Nickelodeon’s plan to build underwater theme park in Palawan opposed by environmentalists


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• Nickelodeon plans to build an underwater attraction in Palawan
• The underwater theme park would feature restaurants and lounges six meters below sea level
• Concerned people opposed the plan, saying it will destroy the marine ecosystem of Palawan

The plan of Nickelodeon, an American TV network for children, to build an underwater theme park in Palawan has been met with opposition from environmentalist groups.

The Viacom International Media Networks (VIMN), which owns Nickelodeon, announced on Monday, January 9, that it will collaborate with Coral World Parks Undersea Resorts in developing a 400-hectare underwater theme park in Coron, Palawan to give fans a chance to “interact with the brand and the iconic characters they love.”

The Deccan Chronicle said that Ron Johnson, an executive vice president with Viacom International Media Networks, said Palawan was chosen because “it is known to have some of the most beautiful beaches in the world.” The attraction would feature restaurants and lounges six meters below the sea level and is expected to open in 2020.

However, the plan is being opposed by concerned people who believe that contrary to the released press statement by VIMN that the undersea attraction “would advocate ocean protection”, it would accomplish the exact opposite.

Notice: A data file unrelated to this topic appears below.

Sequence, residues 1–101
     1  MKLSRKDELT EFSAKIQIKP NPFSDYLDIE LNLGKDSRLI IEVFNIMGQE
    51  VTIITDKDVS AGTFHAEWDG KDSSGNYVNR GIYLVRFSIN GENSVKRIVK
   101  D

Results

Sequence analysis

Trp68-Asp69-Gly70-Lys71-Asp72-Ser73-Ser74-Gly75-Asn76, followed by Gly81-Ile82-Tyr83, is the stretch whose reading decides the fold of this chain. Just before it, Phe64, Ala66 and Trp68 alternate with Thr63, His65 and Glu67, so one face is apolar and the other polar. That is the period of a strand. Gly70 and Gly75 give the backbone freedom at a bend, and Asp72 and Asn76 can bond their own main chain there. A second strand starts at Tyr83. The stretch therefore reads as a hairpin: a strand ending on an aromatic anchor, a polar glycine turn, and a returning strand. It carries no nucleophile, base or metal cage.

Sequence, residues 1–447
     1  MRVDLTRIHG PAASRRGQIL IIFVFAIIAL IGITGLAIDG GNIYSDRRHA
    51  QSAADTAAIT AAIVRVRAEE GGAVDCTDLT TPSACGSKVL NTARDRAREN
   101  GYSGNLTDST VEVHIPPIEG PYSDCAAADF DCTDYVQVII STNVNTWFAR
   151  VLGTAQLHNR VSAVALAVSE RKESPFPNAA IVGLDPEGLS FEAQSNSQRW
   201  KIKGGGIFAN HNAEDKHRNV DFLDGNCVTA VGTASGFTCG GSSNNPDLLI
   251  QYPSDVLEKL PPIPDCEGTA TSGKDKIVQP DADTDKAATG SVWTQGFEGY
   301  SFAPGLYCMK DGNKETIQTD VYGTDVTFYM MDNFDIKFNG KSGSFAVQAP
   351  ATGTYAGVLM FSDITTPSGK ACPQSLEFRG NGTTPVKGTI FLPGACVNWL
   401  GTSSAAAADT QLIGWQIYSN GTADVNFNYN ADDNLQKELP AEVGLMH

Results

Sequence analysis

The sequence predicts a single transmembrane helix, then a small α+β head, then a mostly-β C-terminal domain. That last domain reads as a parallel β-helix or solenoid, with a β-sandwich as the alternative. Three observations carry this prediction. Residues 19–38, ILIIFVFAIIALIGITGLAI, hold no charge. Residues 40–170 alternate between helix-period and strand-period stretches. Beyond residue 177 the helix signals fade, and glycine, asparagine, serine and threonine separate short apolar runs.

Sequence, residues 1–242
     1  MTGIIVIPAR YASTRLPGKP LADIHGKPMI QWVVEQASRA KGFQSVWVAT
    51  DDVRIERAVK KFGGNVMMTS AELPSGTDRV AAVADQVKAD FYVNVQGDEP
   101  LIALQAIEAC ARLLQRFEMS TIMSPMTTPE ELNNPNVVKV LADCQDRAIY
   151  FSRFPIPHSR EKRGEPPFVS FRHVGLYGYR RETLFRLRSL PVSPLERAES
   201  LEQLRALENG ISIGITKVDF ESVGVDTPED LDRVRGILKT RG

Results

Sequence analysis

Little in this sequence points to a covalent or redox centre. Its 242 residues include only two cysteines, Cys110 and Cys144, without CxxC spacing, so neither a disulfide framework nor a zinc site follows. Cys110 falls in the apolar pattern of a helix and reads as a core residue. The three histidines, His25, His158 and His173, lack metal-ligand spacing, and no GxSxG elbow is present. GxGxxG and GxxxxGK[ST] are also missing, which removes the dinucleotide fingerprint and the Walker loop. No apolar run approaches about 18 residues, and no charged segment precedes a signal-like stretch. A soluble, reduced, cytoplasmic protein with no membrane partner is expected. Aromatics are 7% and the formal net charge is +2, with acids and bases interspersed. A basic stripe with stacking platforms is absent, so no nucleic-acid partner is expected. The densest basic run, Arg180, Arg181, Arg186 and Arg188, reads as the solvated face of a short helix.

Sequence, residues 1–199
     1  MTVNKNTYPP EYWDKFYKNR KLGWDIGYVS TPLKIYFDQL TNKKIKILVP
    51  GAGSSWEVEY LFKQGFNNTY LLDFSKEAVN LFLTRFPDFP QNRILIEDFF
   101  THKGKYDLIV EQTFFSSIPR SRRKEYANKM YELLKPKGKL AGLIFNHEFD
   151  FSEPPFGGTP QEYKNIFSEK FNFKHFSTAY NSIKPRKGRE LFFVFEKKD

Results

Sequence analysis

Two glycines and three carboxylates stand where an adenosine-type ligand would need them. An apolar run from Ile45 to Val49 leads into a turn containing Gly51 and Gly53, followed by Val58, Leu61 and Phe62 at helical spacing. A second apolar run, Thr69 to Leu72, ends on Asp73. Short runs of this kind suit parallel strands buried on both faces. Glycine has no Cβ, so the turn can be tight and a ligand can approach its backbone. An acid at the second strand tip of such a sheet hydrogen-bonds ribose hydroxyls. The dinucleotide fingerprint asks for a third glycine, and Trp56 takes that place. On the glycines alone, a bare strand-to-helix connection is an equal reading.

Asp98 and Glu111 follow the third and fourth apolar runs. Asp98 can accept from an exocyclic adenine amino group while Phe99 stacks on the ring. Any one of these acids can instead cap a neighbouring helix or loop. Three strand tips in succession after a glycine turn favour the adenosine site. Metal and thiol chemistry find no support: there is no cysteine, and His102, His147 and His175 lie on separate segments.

The Save Philippine Seas, an environmental group aimed at protecting the Philippines’ marine and coastal resources, believes that the structures that will be built by the proponents will damage and disrupt Palawan’s marine ecosystem. The group launched an online petition against the planned undersea theme park.

“It is disappointing and heartbreaking that a media company for children – one I too watched growing up – is going to destroy natural resources for current and future generations Why does Coron and the Philippines need artificial attractions? Coron is already so beautiful in its natural state,” Anna Oposa, executive director of Save Philippine Seas, said.

This article has been viewed 255 times. Article originally posted: January 11, 2017, 7:18 am (UTC-0). Last update: January 11, 2017 at 7:18 am (UTC-0).

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